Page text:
The tackle: Ball carrier is brought to the groundRugby Union law on dangerous/high tackles


Drop goal: The most celebrated scoring method

Tom Jenkins/Getty Images

Jonny Wilkinson winning kick 2003 RWC Getty 166165193 sized.jpg

Jonny Wilkinson kicks the winning drop goal against Australia in the 2003 Rugby World Cup final in Sydney.

Two Rugby World Cups have been won by drop goals scored in extra time – South Africa's Joel Stransky in 1995 and England's Jonny Wilkinson in 2003.

In the early days scoring was a reflection of a side’s ability to kick, rather than score tries. With the field clogged up by 40 or more players, the preferred form of scoring was the drop goal, universally viewed as a supreme skill. It was listed first among the forms of kicking by both Rugby School in 1866 and by the RFU in 1887.

Jonny Wilkinson rugby legend BBC open letter to England's World Cup-winning legend

Letting the ball drop from your hands on to the ground and kicking it the very instant it rises.

1866 Rugby School Laws of Football definition of a drop kick


Rugby Football Union and the first international match

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Scotland who beat England 1871 in Rugby Union's first ever International match

The Scotland team who beat England by one try in the first international match in Edinburgh.

Rugby's first governing body was created on 26 January 1871 when representatives from 21 clubs met and formed the Rugby Football Union (RFU).

Shortly after the RFU's formation, three old Rugbeians – Algernon Rutter, Edward Holmes and Leonard Maton – devised a set of codes. As they were all lawyers they deemed them laws rather than rules. The first draft was written by Maton who was laid up with a broken leg from playing rugby. On 27 March 1871 the first international game was played between England and Scotland, and unions continued forming in other counties and countries to govern the game.

The first international rugby match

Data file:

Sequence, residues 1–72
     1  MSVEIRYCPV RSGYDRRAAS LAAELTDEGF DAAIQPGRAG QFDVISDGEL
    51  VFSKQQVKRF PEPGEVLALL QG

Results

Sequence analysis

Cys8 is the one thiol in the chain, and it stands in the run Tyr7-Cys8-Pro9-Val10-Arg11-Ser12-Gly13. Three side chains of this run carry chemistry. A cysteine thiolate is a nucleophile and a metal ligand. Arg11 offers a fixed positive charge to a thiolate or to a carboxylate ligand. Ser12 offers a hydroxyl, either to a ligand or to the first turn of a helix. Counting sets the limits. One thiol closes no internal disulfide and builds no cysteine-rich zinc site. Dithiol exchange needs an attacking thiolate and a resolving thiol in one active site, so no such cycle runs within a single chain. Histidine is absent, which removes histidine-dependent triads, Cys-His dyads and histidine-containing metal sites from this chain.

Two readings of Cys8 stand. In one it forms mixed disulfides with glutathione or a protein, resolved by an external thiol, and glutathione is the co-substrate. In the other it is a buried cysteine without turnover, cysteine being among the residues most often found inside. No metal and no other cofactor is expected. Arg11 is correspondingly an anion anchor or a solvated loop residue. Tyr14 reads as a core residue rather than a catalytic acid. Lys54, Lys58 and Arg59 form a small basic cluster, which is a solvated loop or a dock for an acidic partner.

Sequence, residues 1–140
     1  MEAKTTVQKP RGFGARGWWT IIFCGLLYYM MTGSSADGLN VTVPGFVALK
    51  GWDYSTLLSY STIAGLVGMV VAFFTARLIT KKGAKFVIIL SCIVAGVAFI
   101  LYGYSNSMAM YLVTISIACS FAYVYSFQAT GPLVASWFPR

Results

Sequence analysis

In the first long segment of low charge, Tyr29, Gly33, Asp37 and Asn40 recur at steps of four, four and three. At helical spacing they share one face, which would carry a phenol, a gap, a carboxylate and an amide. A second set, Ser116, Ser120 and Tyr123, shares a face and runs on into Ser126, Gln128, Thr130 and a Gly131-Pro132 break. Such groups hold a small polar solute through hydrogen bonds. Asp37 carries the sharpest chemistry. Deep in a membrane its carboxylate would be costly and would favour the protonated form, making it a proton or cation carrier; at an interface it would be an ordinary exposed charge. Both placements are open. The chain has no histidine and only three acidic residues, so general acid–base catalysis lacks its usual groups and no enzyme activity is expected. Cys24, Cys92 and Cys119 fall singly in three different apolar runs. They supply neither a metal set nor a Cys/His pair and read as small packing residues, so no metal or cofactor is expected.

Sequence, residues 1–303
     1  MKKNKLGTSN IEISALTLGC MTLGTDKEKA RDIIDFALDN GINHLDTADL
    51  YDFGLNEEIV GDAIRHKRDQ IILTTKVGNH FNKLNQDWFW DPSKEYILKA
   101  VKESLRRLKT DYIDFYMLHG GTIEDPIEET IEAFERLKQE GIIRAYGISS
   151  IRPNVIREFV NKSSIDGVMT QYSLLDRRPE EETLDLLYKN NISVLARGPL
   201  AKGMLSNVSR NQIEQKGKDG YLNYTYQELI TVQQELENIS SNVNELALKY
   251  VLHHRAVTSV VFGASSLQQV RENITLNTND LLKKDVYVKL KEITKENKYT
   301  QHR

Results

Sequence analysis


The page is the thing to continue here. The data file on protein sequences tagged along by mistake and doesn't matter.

Those who play the rugby-type game should meet to form a code of practice as various clubs play to rules which differ from others.

Edwin Ash, secretary of Richmond Rugby Club, who initiated the first RFU meeting


The movement of rugby worldwide

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First England rugby team to go on tour 1888

The England rugby team pictured on board a ship bound for Australia.

When the boys of Rugby School moved to universities such as Oxford and Cambridge or returned overseas, their passion for the game went with them.

Alongside the geographical movement of the pupils at Rugby School, international tours were hugely important in the development of the game into a worldwide sport. 1882 saw the first ever Rugby Union tour when an Australian team visited New Zealand. The first tour by the northern hemisphere was in 1888 when the British team visited both Australia and New Zealand. The tours enabled the unions to exchange know-how and innovation and to develop a uniform interpretation of the laws.

Redefining rugby's map

Most of the credit for the spread of rugby throughout the world goes to the imperial settlers from England who took the game abroad with them.

Sean Smith, author of The Union Game



Popperfoto/Getty Images

14th September 1949, London, London Society of Rugby Referee's course

The London Society of Rugby Referees' course with trainee referees, 14 September 1949.

In the very early days of rugby there were no referees – none whatsoever! Captains from both teams set the rules and would arbitrate together.

This changed in 1885 when the RFU stated that: “In all matches, 2 umpires shall be appointed and one referee." In 1892 the referee was made the sole judge of all matters of fact, making arbitration of the game far easier. Matches are now controlled by a team of match officials who comprise the referee and two touch judges or assistant referees. A television match official (TMO) may also be appointed in certain matches to adjudicate in disputes.

Rugby referees game management forum

Boys would wear sharpened boots with nails in them for extra hacking.

Rugby School history on how pupils continued to play by their own set of rules until the 1880s


The International Rugby Football Board

World Rugby

World Rugby Balls_3236474k.jpg

The IRFB is today called World Rugby.

In the 1880s rugby had no international governing body and rules varied in the four home unions, causing disagreements and arguments.

In the 1884 match between England and Scotland at Blackheath a disagreement occurred regarding the interpretation of the 'knock on' rule which led to England scoring a try. This antagonised Scotland, leading to the suspension of matches between the two nations. To enable all unions to play to a unified set of rules, the Irish, Scottish and Welsh unions formed the International Rugby Football Board (IRFB). Initially England refused to join. Today there are approximately one hundred members.

World Rugby


Evolution of scoring